Since the Korean War, the United States has been pressuring Japan to assume more responsiblity for its own defense. Japan's economic success and the United States' economic difficulties in the 1970s brought charges that Japan has been enjoying a "free ride" in defense, furthering its own economic interests while sheltering under the U.S. military umbrella.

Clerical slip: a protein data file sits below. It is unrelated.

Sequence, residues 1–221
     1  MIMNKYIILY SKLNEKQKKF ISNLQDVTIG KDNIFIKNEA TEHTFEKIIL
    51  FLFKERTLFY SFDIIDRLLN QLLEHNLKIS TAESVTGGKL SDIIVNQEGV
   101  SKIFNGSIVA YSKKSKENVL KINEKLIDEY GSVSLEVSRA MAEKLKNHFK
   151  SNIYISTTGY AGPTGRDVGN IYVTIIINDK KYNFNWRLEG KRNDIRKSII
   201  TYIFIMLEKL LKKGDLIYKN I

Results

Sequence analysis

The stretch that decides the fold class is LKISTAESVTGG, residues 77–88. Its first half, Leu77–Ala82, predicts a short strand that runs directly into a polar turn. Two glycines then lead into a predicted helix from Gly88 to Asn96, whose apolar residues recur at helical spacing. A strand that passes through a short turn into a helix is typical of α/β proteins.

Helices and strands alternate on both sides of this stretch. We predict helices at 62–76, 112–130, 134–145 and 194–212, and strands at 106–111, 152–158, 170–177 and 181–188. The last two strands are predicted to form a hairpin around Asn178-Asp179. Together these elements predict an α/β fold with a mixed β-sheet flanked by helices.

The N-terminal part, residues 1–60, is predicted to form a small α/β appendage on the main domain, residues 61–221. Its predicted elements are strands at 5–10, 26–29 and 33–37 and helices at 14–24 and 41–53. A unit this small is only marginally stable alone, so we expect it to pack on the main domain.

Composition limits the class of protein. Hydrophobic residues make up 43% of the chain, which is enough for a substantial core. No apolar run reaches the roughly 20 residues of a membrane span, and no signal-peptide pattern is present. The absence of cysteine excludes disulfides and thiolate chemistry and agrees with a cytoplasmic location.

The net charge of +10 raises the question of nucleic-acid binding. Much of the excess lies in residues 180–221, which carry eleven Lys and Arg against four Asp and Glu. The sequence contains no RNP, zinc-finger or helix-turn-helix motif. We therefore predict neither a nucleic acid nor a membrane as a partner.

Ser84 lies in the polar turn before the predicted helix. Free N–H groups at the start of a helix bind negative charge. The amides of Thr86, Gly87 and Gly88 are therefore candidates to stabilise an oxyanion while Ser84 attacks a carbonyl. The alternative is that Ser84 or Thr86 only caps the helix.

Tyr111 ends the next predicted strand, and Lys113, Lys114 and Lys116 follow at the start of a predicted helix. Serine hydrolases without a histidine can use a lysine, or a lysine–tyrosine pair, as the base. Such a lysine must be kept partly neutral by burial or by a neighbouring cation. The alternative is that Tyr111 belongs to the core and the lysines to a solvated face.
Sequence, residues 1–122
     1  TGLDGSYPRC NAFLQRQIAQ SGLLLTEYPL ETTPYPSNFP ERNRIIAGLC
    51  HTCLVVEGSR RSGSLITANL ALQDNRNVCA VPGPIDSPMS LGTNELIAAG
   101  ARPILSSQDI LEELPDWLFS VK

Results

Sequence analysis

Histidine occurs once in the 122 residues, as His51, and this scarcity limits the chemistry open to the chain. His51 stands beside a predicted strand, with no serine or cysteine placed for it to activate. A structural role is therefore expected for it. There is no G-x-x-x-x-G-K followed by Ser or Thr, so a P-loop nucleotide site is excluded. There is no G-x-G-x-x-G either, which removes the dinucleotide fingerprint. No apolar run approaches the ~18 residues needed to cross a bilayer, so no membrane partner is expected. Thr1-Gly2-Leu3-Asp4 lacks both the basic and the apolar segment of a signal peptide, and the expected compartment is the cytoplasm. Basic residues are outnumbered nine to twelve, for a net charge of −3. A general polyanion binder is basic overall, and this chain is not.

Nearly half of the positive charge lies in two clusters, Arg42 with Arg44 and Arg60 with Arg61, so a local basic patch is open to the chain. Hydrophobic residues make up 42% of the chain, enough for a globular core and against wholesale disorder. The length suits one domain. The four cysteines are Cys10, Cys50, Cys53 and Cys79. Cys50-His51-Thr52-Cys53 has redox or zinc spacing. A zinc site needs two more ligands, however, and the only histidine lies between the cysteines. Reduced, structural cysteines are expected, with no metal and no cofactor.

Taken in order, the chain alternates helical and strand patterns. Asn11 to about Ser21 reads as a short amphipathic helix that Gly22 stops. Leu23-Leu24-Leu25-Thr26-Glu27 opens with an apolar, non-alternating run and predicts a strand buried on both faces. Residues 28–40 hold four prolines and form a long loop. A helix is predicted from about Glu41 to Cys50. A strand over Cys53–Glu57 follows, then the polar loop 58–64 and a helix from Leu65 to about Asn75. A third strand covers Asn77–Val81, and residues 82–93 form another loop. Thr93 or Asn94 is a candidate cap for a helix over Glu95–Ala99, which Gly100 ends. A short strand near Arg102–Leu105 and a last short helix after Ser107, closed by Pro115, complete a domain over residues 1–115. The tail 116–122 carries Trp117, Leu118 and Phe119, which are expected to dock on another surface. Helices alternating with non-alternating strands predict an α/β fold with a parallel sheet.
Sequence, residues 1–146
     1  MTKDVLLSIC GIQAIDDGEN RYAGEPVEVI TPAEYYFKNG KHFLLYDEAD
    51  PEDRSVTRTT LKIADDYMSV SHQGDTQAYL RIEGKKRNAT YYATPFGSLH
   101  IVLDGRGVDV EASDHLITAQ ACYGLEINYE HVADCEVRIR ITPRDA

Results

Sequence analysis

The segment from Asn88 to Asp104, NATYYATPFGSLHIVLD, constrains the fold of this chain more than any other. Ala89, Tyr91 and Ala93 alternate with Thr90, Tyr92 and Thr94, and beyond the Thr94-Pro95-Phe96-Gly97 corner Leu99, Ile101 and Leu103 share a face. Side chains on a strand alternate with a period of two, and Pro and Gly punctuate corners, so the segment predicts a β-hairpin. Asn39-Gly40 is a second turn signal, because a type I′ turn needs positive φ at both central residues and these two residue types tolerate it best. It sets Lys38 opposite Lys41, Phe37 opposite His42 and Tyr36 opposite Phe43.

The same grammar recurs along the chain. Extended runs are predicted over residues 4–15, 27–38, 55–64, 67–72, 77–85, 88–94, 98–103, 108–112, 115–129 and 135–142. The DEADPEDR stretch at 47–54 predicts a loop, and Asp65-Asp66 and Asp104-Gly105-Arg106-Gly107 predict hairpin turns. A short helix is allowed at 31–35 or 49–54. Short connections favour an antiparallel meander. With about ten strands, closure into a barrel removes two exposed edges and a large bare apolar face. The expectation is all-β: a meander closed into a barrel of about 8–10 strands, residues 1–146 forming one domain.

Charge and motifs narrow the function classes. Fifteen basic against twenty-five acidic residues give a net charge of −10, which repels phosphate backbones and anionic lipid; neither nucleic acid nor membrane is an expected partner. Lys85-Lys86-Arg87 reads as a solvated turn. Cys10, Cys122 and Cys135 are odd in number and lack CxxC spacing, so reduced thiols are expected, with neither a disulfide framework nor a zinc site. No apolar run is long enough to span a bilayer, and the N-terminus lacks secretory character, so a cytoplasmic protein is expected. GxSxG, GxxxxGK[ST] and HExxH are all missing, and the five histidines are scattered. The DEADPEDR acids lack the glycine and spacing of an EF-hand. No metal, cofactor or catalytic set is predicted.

For its part Japan has made only minimal efforts to satisfy U.S. demands, pointing to its "no-war" constitution, popular opposition, Asian fears of Japanese remilitarization, and its traditional 1.0 percent of GNP limit on defense spending. Meanwhile Soviet forces in Asia have multiplied and become a potential threat both to Japan itself and to the sea lanes of communication so important to Japanese commerce. The responses of Japanese analysts have varied from a denial that the threat exists to the suggestion that Japan in effect "finlandize" itself. In U.S.-Japan Strategic Reciprocity, Edward A. Olsen reviews the history of U.S. -Japanese security relations since World War II, analyzes the present relationship and the options open to each side, and makes policy recommendations for strengthening defense cooperation between the two countries. Although a strong supporter of the view that Japan should do more on its own behalf, he argues that misunderstandings on both sides have prevented formation of a working alliance based on mutual interests and that an objective approach considering both sides' views is essential to an equitable sharing of defense burdens.